Open this publication in new window or tab >>LCAFDB - A Crowdsourced Life Cycle Assessment Database for Food
2017 (English)In: The Fifth IFIP Conference on Sustainable Internet and ICT for Sustainability, Funchal, Portugal – December  6-7, 2017, Institute of Electrical and Electronics Engineers (IEEE), 2017, p. 88-90Conference paper, Published paper (Refereed)
Abstract [en]

This paper presents LCAFDB, a crowdsourced database for collecting Life Cycle Assessment data for foodstuff. Such an open database is useful to facilitate the development of feedback systems about greenhouse gas (GHG) emissions for food. We describe the design challenges encountered while we developed the system and our solutions. We also exemplify by a number of applications developed that use this database. 

Place, publisher, year, edition, pages
Institute of Electrical and Electronics Engineers (IEEE), 2017
Series
Sustainable Internet and ICT for Sustainability, ISSN 2377-5580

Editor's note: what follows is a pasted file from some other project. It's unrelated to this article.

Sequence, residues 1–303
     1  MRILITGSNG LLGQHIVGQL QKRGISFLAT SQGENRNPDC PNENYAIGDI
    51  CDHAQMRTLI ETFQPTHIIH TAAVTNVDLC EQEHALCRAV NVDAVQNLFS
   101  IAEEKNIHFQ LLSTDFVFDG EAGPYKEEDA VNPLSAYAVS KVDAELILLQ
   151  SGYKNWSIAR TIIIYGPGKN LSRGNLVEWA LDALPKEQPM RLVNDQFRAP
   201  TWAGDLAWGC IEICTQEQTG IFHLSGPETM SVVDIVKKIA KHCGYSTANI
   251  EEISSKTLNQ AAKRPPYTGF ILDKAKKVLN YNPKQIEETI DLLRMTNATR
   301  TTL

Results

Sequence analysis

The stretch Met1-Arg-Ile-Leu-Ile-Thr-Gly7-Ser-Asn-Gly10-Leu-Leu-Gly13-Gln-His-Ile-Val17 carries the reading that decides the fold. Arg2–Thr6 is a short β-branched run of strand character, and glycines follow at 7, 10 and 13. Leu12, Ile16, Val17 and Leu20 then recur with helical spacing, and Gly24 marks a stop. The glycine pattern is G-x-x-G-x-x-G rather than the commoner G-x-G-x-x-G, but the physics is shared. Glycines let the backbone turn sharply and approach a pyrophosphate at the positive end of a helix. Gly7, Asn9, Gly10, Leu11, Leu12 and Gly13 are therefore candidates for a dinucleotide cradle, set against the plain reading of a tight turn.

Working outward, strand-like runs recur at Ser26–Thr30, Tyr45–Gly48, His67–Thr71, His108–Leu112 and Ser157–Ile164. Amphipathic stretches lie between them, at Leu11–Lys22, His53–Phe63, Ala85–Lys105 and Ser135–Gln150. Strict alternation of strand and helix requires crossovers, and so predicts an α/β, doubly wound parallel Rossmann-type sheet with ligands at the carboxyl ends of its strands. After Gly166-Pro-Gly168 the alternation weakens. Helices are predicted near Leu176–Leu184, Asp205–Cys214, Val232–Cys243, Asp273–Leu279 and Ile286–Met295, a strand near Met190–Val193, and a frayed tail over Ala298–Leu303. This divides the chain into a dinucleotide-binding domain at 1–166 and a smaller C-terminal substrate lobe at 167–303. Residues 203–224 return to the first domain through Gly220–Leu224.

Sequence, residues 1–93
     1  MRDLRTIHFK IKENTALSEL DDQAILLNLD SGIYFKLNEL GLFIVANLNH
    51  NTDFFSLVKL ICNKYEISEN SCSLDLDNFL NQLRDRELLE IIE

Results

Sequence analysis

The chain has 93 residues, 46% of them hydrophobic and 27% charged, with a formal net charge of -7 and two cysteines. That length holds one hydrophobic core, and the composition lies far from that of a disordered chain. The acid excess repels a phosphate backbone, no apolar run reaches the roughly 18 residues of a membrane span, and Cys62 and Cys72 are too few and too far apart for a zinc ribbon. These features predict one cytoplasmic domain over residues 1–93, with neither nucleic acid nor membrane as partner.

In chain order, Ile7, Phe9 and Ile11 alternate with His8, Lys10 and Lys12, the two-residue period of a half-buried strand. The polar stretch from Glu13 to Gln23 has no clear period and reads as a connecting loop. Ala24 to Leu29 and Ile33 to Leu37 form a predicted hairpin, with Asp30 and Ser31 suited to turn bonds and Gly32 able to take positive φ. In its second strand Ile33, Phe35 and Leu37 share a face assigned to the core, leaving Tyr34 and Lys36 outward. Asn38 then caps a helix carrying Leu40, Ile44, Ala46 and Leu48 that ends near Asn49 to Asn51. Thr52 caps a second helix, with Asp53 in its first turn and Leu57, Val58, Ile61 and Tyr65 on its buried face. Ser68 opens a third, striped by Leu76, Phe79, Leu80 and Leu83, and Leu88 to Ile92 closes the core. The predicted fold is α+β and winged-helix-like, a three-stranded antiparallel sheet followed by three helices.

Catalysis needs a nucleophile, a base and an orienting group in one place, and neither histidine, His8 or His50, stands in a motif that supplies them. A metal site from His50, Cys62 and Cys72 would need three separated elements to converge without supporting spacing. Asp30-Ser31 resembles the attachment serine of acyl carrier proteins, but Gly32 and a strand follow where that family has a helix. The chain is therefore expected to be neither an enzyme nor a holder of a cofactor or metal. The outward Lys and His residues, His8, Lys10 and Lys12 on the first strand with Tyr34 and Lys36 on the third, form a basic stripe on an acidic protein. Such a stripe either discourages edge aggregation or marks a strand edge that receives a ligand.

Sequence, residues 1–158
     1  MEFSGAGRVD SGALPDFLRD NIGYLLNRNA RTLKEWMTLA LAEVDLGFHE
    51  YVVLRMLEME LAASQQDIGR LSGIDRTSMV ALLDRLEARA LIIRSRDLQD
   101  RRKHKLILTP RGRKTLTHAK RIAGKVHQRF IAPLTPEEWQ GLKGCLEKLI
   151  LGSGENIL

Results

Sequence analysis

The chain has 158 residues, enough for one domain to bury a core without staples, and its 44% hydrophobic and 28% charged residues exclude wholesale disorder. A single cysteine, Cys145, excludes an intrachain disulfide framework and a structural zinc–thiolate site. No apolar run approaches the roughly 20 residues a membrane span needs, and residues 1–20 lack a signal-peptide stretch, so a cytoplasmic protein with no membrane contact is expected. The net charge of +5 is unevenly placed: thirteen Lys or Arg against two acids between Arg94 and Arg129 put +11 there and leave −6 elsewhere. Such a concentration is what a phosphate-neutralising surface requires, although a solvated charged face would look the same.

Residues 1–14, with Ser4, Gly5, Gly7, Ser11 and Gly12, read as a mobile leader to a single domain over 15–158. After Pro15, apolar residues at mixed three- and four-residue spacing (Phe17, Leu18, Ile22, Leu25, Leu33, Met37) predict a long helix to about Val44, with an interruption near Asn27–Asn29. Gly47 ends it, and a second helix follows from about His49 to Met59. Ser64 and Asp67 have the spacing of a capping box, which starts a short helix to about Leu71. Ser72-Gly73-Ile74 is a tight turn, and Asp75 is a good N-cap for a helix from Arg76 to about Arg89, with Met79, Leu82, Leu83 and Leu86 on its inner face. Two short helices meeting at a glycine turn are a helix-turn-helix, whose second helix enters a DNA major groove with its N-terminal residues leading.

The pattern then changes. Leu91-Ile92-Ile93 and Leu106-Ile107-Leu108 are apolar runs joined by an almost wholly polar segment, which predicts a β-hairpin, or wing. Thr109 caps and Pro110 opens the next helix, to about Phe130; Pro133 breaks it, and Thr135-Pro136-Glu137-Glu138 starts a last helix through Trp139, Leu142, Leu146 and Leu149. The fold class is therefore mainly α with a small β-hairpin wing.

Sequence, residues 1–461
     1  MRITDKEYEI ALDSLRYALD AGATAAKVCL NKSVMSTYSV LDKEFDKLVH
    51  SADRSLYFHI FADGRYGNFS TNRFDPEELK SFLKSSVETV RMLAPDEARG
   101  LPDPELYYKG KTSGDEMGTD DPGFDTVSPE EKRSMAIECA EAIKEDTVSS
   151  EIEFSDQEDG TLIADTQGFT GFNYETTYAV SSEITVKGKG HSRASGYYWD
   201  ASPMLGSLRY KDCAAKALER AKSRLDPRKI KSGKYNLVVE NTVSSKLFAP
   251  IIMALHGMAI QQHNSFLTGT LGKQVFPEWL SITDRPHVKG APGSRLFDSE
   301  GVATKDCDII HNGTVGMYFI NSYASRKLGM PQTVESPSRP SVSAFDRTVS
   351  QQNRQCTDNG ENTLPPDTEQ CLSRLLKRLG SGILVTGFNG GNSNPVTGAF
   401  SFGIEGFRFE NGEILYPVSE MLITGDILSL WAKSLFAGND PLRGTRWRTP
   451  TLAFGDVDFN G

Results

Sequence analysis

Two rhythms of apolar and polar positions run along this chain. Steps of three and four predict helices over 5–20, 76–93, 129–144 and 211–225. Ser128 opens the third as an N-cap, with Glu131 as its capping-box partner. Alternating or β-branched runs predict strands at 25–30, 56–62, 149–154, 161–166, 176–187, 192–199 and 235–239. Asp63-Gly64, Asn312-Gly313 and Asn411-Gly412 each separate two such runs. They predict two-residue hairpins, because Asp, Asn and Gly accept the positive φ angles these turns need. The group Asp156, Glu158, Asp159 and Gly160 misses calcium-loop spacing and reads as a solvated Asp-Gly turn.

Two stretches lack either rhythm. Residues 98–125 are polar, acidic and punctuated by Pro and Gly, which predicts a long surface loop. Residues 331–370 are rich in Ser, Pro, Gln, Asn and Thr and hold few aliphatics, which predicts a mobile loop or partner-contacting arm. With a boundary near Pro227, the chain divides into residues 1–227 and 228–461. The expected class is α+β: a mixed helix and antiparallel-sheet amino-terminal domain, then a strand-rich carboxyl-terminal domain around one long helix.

Keywords
Sustainable HCI; LCA; Open Data; Food
National Category
Media and Communication Technology
Research subject
Media Technology
Identifiers
urn:nbn:se:kth:diva-219782 (URN)10.23919/SustainIT.2017.8379804 (DOI)000436181400014 ()2-s2.0-85050029660 (Scopus ID)9783901882999 (ISBN)
Conference
The Fifth IFIP Conference on Sustainable Internet and ICT for Sustainability Funchal, Portugal – December 6-7, 2017
Projects
Förbättrad energirådgivning och förbättrade energivanor genom Quantified Self Assisted Advisory
Funder
Swedish Energy Agency
Note

QC 20171218

Available from: 2017-12-13 Created: 2017-12-13 Last updated: 2018-11-20Bibliographically approved
Berglund, A., Havtun, H., Jerbrant, A., Wingård, L., Andersson, M., Hedin, B. & Kjellgren, B. (2017). THE PEDAGOGICAL DEVELOPERS INITIATIVE: SYSTEMATIC SHIFTS, SERENDIPITIES, AND SETBACKS. In: 13th International CDIO Conference in Calgary, Canada, June 18-22, 2017: . Paper presented at 13th International CDIO Conference.
Open this publication in new window or tab >>THE PEDAGOGICAL DEVELOPERS INITIATIVE: SYSTEMATIC SHIFTS, SERENDIPITIES, AND SETBACKS
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2017 (English)In: 13th International CDIO Conference in Calgary, Canada, June 18-22, 2017, 2017Conference paper, Published paper (Refereed)
Abstract [en]